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Let's admit it: we always look for ways to beat the market's average return. Right? Well, I found a violin that had just done so.
Had you invested in world-renowned Stradivarius violins in 2010, the average annual price appreciation between 2010 and 2022 was 9.7%.
Other violin brands, such as Joannes Pressenda and Lorenzo Storioni violins, have had 10.7% and 13.4% annualized returns in the same period, respectively. Compare that to the inflation-adjusted yearly return of 9.76% by the S&P 500 index, including all dividends reinvested in the same period, and sit down with the terrible realization that investing in a music instrument could have been your answer to beating the market.
Putting that initial reaction aside, if the ultimate goal of investing is to grow our wealth, even if we don't want to invest in violins, in today's post, I discuss three critical investment lessons we can learn from Stradivarius violins.
I'm Hoda Mehr, founder, and CEO of Stock Card, and on this blog and its accompanying YouTube channel and Podcast show, I share detailed fundamental analyses and interesting investment stories.
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Such market-beating performance by violins comes from a few criteria they share with good investments. They can teach us critical investment lessons by looking into how Stradivarius violins's price appreciated.
Investment Lesson One
The first of such lessons is the value of scarcity in investing. Antonio Stradivari, a Luthier, or simply a violin maker who lived in the late 17th - early 18th century in Cremona, Italy, made roughly 1,100 violins. His sons continued the business with more violins. However, today, only about 650 remain. Those original violins are highly desirable instruments that can be priced as high as $16 million in global auctions. They are inherently scarce, loved by violinists and collectors worldwide, and no more will ever be made.
Scarcity is loved by investors. Investing in gold or commodities such as Silver, Copper, and even Oil pays off because of their limited supply. That's also why stock market investors hate when a company they invested in issues new shares. It dilutes current investors by making more shares available in the market and each share becomes less valuable. In contrast, when companies buy back shares, in most cases, investors applaud. Buying back shares makes each individual share more scarce and valuable. Scarce things tend to grow in value.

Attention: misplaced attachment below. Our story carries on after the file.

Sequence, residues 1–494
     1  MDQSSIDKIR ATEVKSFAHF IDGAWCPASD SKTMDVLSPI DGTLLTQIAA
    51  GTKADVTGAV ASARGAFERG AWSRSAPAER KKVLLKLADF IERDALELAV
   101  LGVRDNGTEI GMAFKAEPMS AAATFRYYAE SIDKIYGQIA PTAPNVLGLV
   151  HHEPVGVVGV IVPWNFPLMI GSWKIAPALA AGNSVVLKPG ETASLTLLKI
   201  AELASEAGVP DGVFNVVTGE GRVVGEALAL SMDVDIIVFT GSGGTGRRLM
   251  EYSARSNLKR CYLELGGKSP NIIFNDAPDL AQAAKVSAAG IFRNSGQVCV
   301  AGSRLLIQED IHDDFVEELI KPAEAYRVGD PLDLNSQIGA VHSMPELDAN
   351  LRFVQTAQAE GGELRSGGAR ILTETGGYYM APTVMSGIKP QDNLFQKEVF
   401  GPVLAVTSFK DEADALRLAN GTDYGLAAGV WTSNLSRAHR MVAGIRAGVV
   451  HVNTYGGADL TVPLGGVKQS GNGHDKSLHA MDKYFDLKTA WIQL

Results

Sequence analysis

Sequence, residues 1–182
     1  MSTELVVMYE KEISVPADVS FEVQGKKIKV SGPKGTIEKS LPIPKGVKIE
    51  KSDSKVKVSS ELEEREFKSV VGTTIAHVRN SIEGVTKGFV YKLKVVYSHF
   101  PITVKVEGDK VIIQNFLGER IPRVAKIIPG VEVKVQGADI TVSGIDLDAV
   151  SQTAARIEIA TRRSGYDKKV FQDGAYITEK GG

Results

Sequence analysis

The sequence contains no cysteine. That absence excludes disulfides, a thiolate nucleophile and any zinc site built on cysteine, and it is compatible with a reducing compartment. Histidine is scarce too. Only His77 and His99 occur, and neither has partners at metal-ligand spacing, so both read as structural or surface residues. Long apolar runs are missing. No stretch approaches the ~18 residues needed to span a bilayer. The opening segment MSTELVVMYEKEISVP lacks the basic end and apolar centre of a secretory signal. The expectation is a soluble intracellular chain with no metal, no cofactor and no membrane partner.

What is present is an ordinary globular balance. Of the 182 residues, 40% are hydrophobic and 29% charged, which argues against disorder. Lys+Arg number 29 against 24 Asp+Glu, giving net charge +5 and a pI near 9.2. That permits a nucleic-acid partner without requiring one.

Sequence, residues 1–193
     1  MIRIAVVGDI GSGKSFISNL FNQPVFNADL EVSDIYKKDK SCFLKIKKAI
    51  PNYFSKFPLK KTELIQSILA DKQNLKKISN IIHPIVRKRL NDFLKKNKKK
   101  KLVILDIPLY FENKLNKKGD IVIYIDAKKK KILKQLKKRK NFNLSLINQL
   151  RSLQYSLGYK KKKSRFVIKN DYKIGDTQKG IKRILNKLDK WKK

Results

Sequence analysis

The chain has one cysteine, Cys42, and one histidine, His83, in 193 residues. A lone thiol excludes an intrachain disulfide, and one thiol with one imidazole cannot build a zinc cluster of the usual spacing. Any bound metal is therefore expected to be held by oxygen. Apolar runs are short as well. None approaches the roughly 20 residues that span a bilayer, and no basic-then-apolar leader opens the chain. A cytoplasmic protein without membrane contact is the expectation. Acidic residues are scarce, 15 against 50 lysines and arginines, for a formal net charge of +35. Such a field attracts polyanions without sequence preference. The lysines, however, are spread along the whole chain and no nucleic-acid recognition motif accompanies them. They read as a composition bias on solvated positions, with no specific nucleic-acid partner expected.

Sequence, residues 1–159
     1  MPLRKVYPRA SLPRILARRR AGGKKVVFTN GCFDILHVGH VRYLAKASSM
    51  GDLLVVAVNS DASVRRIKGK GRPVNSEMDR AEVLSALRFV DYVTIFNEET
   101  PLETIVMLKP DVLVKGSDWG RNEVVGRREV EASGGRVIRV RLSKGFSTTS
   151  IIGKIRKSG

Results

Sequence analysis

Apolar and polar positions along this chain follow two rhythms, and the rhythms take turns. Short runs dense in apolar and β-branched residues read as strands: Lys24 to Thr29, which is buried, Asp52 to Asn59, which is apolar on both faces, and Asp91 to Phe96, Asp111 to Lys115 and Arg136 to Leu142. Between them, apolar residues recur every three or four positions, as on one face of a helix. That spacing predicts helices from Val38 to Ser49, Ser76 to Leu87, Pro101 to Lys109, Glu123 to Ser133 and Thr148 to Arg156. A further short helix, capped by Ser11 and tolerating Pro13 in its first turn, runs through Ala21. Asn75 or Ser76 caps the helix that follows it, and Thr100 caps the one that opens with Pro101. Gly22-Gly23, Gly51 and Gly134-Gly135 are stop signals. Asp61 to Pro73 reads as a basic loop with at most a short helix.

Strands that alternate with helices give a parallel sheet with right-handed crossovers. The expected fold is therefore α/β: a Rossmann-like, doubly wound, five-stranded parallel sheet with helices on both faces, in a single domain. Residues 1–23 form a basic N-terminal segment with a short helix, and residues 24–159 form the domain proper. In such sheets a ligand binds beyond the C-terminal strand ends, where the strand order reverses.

Investment Lesson Two
The value of a well-reputed brand is another lesson we can learn from a highly sought-after violin. A good brand is an accumulation of quality and market perception. Some studies have shown that not only did Antonio Stradivari build a limited number of high-quality instruments, but he also had his proprietary method of wood processing, resulting in pristine sound. The violins by Stradivari are known for their unique sound quality, differentiating them from many other brands that have come to market since the 17th century.
A strong brand, such as the Stradivarius trademark and name, is considered a moat in investing. It refers to a company's ability to protect its products, services, and price level against its competitors. Establishing a brand representing prestige, status, and quality takes years, making it almost impossible for competitors to compete in price. In that context, Stradivarius violins are similar to Apple Inc. Both brands are known for quality, well-protected intellectual property, and luxury image. Investing in either is an excellent high-returning decision.
Investment Lesson Three
The lessons we can learn about investments from Stradivarius violins don't stop at scarcity and brand moat. The most valuable Stradivarius violins are those built by Antonio Stradivari in his lifetime, at least three centuries ago. Today's investors in those violins have enjoyed excellent returns in the early 21st century. Time and the power of compounding over time are as important in investing as moats and scarcity. A good investor understands it takes time for the price appreciation to compound and result in a market-beating performance
Bonus Investment Lesson
Many stock market investors may not believe investing in collectibles like vilions is appropriate. Warren Buffett, the legendary investing mentor to a few generations of investors, focused on income-producing assets such as companies' securities. He would likely not consider violins an asset in his investment portfolio. I agree. I also don't have $16M in free cash to invest in a violin. The aim of this show isn't to persuade you to invest in violins, either. However, we can still learn a lesson or two from them, even if we agree with Warren. And that's the most crucial lesson Stradivarius violins can teach us. Investment lessons are all around us. All aspects of day-to-day life can teach us about investing. We can look into other aspects of life and draw parallels between them and investing. Those life lessons are even more memorable and long-lasting.
So we talked about three + a bonus investment lessons Stradivarius violins can teach us. It reminded me of another post I recently published about looking into the top 10 holdings of the portfolio of super investors such as Buffett, Howard Marks, Bill Achman, and Michael Burry. If you missed that one, watching and listening to it after this episode is good. Link in the show notes.
I'll see you next time!